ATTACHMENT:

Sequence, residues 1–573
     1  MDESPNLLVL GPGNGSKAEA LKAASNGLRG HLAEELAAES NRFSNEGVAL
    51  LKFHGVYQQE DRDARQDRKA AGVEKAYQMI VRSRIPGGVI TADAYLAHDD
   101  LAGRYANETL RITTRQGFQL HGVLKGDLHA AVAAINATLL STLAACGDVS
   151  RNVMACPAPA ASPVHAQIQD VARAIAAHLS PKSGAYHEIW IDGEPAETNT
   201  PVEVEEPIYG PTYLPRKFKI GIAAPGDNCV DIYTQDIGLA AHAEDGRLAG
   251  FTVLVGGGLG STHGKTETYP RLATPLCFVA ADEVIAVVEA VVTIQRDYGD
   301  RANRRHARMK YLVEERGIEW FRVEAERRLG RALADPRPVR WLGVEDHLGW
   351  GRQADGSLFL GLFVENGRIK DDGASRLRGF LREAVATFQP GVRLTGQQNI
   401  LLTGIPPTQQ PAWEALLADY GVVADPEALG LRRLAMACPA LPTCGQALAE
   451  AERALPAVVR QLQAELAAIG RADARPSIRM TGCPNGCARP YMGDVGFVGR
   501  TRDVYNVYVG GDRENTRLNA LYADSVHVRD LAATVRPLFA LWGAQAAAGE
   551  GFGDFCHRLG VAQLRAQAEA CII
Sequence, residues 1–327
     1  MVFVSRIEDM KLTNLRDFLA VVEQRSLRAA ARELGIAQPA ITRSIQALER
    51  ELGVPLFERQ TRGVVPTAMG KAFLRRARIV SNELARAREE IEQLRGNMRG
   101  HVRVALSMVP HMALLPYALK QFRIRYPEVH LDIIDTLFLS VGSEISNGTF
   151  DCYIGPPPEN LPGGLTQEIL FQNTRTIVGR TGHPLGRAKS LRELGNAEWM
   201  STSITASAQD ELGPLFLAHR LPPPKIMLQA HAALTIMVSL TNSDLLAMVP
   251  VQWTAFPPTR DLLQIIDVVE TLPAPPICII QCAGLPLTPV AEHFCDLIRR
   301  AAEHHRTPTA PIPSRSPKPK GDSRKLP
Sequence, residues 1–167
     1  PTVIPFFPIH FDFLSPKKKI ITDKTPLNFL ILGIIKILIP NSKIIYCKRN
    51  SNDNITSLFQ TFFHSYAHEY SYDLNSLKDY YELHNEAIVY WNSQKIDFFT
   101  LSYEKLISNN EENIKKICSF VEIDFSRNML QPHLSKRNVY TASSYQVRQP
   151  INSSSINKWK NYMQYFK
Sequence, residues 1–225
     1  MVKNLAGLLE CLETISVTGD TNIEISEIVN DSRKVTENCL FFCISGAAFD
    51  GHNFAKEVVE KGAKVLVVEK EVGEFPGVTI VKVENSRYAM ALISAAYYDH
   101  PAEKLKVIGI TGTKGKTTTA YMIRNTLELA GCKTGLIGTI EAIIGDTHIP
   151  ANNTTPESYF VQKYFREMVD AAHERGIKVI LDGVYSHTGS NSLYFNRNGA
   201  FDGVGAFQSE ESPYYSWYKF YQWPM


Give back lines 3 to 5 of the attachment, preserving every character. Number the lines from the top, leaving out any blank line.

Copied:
    51  LKFHGVYQQE DRDARQDRKA AGVEKAYQMI VRSRIPGGVI TADAYLAHDD
   101  LAGRYANETL RITTRQGFQL HGVLKGDLHA AVAAINATLL STLAACGDVS
   151  RNVMACPAPA ASPVHAQIQD VARAIAAHLS PKSGAYHEIW IDGEPAETNT